The fish eating killer whales or orcas, Orcinus Orca, that are the focus of this project live in the coastal waters of the northeastern Pacific Ocean. They live in the most stable groups documented among mammals, and communicate using a variety of vocalizations including echolocation clicks, tonal whistles, and pulsed calls (Ford et al., 2000).
Our Local Orca Community
The Northern Resident Community consists of more than 200 individually known orcas in three acoustic clans. It is regularly found in the study area of the Johnstone Strait and the adjacent waters off Vancouver Island, British Columbia, from July to October.
Recording the Orca Songs
The goal of the Orchive project is to digitize acoustic data that have been collected over a period of 36 years. The acoustic data have been recorded using a variety of analog media at the research station OrcaLab (http://www.orcalab.org) , located on Hanson Island which is located centrally in the study area.
Accessing and Retrieving the Recordings
Currently we have approximately 20000 hours of analog recordings mostly in high quality audio cassettes. In addition to the digitization effort which is underway we are developing algorithms and software tools to facilitate access and retrieval to this large audio collection.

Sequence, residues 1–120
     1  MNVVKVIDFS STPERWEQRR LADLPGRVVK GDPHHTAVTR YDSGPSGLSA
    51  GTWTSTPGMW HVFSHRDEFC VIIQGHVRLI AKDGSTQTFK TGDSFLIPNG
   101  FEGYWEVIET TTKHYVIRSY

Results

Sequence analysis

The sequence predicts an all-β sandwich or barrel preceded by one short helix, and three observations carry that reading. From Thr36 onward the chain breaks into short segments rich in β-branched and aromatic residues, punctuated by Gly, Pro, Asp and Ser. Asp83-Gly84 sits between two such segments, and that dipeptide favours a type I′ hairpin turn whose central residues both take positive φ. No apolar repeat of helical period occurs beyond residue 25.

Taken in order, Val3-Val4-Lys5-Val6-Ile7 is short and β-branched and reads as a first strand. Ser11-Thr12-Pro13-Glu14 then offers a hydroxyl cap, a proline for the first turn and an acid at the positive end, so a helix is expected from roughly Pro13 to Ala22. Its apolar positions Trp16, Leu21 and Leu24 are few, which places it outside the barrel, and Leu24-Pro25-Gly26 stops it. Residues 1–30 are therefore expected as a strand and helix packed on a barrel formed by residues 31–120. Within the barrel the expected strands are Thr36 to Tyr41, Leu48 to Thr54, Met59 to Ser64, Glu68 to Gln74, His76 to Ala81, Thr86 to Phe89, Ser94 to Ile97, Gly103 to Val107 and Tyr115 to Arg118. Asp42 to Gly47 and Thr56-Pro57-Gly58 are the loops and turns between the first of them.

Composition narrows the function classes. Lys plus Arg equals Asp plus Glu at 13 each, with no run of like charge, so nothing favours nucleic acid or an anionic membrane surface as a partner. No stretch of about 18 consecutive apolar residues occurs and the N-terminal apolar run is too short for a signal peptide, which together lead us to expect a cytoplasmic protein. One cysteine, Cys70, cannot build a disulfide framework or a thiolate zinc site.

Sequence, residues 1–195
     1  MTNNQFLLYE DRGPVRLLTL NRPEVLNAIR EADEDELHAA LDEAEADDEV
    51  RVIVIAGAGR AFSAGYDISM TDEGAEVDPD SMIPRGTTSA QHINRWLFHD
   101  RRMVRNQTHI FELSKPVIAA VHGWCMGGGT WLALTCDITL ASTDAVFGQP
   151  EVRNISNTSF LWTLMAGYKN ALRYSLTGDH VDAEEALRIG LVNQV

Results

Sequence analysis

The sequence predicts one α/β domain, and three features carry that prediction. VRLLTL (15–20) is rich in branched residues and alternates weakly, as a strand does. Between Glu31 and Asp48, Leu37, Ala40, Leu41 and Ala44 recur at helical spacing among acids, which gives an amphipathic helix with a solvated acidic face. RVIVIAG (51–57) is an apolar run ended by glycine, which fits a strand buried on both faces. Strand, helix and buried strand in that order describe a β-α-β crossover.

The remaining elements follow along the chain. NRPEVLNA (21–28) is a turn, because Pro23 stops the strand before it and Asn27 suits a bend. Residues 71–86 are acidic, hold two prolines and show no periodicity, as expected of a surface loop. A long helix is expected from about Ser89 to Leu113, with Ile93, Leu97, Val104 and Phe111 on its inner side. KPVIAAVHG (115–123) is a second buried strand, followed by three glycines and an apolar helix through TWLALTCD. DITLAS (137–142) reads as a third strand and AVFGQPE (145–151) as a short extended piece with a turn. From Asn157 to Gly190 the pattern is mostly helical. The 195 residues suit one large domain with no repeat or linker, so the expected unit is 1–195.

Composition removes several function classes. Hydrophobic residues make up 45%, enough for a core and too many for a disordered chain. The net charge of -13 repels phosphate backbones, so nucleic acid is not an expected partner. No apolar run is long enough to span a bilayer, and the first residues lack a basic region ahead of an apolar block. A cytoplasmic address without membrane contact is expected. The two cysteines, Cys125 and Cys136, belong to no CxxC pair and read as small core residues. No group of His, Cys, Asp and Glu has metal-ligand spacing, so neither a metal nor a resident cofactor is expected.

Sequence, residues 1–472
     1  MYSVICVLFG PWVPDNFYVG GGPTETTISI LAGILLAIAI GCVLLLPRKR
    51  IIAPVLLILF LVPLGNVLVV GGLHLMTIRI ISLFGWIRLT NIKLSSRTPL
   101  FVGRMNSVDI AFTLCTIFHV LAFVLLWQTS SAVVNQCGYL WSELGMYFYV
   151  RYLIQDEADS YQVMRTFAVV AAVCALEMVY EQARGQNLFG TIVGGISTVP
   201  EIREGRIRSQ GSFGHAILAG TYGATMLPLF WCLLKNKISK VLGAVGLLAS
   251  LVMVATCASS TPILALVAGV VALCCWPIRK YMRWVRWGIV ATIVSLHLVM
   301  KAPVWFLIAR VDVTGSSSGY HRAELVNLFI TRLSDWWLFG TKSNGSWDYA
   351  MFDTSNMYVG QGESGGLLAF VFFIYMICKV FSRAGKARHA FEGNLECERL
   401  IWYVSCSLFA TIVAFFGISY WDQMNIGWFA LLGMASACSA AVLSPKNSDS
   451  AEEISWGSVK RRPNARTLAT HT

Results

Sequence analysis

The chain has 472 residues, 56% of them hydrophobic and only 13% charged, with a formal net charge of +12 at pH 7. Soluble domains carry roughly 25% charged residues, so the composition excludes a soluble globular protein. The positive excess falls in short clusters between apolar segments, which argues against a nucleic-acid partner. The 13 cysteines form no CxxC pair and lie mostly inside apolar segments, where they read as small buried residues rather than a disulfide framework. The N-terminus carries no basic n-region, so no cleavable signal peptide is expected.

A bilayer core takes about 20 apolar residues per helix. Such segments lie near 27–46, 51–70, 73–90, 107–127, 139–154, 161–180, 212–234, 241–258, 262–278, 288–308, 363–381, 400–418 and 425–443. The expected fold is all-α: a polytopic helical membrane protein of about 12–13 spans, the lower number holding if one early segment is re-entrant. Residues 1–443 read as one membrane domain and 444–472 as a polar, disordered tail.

The size of this collection makes access and retrieval especially challenging (for example it would take approximately 2.2 years of continuous listening to cover the entire archive). Therefore the developed algorithms and tools are essential for effective long term studies employing acoustic techniques.
Providing Us with Feedback
This project is just beginning but we believe it provides many opportunities and challenges related to large scale semantic access in a non-typical application scenario. We invite other researchers in information access and retrieval to provide feedback to us regarding this project. Please email us at: firstname.lastname@example.org.
Finally, we hope that in the future researchers from around the world will be able to access this repository and use the tools to improve understanding of acoustic communication of orcas. The people involved in the project are all volunteers and the software developed is open source.
We welcome help and contributions from any interested parties.